Tama’s photo essay is focused on traditions, joy, and the resilience of the citizens who live in the Gulf Coast Region. You can view that here. As a class, or for homework (if students have access to the site at home) ask students to listen to the photographer’s story and listen to his voice as he describes the connections of the people of New Orleans to their city, and what concerns he has for New Orleans in the future. Does he choose to be a part of the events he shoots, or is he “a fly on the wall” trying to go unnoticed? What is happening with the proceeds from the sales of the book? Ask students to compare the style of photography Tama uses with the style in the portraits that were discussed in the lesson? How does he use color, lighting, and camera angle to engage the viewer? Think about how advances in photography, such as digital imagery and color, influence the kinds of images we see today. Are they more impactful? Less dramatic?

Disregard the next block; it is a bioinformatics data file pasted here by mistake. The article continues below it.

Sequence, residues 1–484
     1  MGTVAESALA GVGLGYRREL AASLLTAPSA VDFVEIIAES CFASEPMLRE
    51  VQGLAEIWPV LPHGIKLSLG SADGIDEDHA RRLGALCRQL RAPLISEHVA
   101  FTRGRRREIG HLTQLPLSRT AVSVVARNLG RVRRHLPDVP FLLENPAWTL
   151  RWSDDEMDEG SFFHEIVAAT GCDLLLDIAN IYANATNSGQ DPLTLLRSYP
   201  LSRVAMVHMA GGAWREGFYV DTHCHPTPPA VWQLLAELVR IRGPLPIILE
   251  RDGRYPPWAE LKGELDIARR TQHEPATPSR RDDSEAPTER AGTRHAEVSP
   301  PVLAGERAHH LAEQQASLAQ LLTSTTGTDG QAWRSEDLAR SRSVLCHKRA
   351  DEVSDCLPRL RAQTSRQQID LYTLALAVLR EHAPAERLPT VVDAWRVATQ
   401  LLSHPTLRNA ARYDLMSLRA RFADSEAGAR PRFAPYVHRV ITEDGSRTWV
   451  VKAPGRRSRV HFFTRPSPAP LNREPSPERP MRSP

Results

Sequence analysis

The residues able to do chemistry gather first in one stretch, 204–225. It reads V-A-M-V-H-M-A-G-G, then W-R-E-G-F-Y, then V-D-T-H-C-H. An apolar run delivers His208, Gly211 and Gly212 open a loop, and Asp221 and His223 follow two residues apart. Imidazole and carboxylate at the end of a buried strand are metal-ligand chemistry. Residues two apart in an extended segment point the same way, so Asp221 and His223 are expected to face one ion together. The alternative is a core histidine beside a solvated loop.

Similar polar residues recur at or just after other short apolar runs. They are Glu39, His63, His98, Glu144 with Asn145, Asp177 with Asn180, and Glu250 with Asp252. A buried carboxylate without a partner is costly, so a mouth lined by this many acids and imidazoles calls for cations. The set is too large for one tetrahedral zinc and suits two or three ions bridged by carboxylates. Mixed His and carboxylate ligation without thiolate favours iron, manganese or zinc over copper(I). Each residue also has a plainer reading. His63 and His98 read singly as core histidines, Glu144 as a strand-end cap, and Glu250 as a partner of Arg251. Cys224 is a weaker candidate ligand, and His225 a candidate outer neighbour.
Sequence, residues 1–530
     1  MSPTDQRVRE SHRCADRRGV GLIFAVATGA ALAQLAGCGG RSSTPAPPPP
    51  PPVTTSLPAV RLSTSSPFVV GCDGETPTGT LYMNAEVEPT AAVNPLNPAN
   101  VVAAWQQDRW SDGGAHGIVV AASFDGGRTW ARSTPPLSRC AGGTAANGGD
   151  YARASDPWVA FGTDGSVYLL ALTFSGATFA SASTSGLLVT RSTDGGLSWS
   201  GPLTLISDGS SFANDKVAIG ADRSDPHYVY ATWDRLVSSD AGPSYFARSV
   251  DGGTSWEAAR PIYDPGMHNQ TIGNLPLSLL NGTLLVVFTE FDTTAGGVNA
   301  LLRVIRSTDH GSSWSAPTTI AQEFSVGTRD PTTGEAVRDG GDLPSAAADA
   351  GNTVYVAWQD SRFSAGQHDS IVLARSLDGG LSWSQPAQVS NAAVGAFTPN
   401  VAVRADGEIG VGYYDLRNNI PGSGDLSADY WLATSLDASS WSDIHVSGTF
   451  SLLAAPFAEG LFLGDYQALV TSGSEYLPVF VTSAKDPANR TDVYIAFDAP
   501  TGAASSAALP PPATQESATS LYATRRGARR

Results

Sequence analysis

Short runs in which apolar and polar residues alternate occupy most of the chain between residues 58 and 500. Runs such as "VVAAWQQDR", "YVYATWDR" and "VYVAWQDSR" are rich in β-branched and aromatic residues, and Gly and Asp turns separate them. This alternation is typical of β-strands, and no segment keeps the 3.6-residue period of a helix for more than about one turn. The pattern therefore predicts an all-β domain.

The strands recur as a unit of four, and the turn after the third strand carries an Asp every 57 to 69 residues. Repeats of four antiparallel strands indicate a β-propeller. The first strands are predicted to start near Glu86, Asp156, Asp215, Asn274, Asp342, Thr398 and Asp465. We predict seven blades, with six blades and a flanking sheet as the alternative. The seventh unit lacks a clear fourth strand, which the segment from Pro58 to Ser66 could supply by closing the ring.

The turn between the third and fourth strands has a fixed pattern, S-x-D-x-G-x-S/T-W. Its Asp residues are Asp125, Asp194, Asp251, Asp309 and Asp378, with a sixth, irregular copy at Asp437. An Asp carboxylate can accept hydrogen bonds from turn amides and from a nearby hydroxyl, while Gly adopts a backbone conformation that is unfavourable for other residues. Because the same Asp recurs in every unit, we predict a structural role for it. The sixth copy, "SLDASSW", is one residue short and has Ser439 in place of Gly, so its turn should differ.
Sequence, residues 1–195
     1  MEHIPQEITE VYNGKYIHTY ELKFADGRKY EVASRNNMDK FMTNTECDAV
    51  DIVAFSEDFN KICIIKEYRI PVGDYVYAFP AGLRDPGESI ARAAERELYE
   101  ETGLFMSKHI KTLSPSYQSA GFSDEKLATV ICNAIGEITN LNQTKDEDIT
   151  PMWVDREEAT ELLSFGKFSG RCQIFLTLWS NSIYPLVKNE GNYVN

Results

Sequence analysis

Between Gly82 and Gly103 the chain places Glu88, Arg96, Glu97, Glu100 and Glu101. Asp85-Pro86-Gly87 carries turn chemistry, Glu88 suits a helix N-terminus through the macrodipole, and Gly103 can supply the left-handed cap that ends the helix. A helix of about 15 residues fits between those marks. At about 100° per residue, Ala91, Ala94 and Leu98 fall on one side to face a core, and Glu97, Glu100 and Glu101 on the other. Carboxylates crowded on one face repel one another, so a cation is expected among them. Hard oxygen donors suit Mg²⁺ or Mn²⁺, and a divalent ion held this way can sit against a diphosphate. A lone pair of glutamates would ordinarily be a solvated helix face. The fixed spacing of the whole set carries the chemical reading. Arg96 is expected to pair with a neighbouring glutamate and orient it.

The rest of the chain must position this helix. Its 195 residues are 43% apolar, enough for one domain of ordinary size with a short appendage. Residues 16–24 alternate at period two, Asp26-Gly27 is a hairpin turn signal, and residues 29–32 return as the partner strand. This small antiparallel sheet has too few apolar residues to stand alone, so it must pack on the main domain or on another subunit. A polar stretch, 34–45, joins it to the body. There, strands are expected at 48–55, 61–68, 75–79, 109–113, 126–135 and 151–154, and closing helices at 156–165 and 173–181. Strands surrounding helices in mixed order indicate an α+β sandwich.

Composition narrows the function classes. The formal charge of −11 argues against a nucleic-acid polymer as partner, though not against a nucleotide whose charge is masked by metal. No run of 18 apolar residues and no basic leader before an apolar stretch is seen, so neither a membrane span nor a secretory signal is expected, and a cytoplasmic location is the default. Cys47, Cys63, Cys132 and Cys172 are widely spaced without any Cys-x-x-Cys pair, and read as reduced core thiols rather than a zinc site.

Ask students to bring in a photograph from their collection, or from research, that might influence someone to donate to a school, or help community (or an individual) in a certain way. The image should have at least one person or an animal in it, and have a sense of time or place that tells more of the story. Have the students be prepared to discuss why they chose their image, and the way in which it might motivate the audience to act, and to write a caption for the photograph that includes a call to action.
Some examples of photographer that telling the story of their own work can be found online at PBS NewsHour Extra:
Arts & CulturePhotographyPoliticsScience
Your students, if they’re anything like mine, love to communicate through images—photos on Instagram, GIFs shared in a text, photo stories on Snapchat. And yet, so much of our conversation in school revolves around words. Understanding text is critical to students’ success now and in the future. But do we also help students identify, read and understand images in order to become literate in the visual language that is all around us? The photo essay can be a great middle or high school assignment that will have strong appeal and grow your students’ writing skills.
What Is a Photo Essay?